on potted trees in the greenhouse, and in the grove by artificial in-
fection. Some of these spots have been under observation for over
a year, and show no tendency to slough off.

CANKER DISTINGUISHED FROM OTHER DISEASES
Other citrus diseases with which Canker may be confused are
Scab, Scaly Bark, and possibly Anthracnose. It can, however, read-
ily be distinguished from any of these by noting the following
points:
I. It differs from Scab in the typically round spots produced;
the size of the spots, and the fact that the spots penetrate through
the leaf tissue. It does not distort the leaves. There are no wart-
like projections. Canker occurs on older wood, Scab does not.
2. Canker differs from Scaly Bark in the size of the spots,
which are much smaller and more circular than those of Scaly Bark:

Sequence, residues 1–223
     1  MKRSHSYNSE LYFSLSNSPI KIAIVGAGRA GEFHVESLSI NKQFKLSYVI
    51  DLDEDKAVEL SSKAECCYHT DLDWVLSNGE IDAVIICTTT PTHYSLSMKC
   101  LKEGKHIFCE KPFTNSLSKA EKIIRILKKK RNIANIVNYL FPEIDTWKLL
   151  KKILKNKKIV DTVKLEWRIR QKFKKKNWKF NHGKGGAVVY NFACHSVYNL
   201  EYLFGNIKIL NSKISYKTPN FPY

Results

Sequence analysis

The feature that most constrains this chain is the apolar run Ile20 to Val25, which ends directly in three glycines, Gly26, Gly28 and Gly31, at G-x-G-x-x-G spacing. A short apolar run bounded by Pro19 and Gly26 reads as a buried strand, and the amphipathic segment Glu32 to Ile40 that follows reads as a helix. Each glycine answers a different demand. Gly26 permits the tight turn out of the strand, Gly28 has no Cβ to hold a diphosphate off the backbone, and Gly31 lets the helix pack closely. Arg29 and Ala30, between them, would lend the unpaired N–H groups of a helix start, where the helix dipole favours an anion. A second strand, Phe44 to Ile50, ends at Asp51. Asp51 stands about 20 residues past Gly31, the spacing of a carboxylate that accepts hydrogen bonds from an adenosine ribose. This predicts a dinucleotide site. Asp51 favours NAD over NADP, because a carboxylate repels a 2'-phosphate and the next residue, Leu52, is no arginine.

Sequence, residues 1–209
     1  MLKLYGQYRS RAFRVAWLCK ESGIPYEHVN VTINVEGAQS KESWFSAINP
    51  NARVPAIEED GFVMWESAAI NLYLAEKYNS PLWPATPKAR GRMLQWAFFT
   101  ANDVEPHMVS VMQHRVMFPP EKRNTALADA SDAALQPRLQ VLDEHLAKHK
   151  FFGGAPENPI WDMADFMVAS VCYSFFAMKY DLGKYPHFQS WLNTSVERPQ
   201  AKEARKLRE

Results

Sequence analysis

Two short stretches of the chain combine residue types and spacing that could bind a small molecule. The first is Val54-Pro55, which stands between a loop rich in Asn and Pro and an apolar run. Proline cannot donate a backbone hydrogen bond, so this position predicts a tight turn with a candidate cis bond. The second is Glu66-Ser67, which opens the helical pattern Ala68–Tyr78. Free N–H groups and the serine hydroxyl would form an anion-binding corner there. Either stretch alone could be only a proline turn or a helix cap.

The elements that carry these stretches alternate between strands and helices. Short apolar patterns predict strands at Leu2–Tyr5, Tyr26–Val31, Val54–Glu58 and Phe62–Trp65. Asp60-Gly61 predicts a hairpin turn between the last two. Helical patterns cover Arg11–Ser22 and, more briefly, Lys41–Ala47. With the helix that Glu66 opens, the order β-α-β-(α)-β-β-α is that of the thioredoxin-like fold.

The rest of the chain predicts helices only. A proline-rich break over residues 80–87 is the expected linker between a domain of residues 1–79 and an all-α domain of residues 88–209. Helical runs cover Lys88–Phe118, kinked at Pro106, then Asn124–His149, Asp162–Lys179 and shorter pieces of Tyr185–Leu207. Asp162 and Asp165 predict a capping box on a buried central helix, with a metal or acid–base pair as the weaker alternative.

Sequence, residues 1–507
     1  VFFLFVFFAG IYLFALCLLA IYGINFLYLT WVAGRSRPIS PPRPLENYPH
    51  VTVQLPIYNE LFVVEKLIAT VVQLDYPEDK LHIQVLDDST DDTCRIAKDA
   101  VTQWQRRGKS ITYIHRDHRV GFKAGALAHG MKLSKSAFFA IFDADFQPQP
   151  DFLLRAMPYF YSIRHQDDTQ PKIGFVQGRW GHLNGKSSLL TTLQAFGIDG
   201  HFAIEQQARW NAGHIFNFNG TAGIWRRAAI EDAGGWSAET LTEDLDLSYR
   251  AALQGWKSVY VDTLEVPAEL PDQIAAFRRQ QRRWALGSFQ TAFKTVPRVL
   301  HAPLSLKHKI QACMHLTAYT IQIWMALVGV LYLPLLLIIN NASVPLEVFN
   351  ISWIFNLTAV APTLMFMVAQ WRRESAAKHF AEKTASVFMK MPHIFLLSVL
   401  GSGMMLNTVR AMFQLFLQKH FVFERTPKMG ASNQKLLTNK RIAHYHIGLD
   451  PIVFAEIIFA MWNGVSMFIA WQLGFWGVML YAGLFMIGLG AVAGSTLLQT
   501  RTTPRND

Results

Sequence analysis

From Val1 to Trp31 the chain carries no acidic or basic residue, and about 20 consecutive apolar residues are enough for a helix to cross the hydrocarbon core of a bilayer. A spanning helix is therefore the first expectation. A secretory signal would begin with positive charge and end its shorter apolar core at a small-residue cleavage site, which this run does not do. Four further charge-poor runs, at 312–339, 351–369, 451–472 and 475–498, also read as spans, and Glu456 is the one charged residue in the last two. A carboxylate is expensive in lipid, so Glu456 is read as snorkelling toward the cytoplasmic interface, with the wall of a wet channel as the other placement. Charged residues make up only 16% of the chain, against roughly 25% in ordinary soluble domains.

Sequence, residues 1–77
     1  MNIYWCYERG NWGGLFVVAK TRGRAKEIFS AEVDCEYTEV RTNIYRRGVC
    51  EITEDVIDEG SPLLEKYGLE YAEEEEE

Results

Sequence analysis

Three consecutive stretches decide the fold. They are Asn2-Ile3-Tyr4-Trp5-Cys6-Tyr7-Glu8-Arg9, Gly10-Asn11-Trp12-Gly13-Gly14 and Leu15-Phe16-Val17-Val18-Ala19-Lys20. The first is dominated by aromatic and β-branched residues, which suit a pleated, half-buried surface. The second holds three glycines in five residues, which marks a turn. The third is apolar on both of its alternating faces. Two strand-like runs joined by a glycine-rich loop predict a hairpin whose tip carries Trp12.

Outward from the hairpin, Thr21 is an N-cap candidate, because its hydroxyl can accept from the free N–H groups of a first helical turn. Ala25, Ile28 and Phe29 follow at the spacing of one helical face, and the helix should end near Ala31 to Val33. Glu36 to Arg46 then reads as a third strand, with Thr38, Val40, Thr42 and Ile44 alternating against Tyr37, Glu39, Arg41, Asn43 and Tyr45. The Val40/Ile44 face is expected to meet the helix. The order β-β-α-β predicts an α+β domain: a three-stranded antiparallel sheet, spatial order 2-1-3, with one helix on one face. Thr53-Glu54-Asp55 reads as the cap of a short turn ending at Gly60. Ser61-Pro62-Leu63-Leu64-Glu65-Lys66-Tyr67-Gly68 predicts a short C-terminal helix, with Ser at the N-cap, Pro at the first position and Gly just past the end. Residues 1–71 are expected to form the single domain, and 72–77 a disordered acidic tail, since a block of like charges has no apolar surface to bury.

and the spongy nature of the spots-Scaly Bark spots are hard and
glazed. Canker is common on grapefruit, Scaly Bark is not. Can-
ker forms spots on leaves, Scaly Bark does not.
3. Canker differs materially from Anthracnose in the size of
the spots, which are much smaller than those of Anthracnose.
Canker spots are raised, Anthracnose spots are sunken. Canker
has spots of spongy character, those of Anthracnose are hard.
Canker occurs on young shoots and older twigs, Anthracnose
does not.
LABORATORY INVESTIGATIONS
The first specimens of Citrus Canker that were recognized as
showing a new and distinct disease were received from near Miami
in the spring of 1913. The infections were on leaves and young
twigs of grapefruit, and the characteristic spots indicated plainly
that the disease was different from Scab or any other citrus trouble
with which we were familiar. Some specimens of what was prob-
ably this disease were collected by Dr. Berger in the fall of 1912,
and submitted for examination. These were finally considered to be







Bulletin 124 37

an unusual manifestation of Scab, and no further attention was giv-
en to the matter at that time. The specimens from Miami were col-
lected from nursery stock, and the sender wrote that he had seen this
same disease or something similar to it on trifoliata stock in Texas.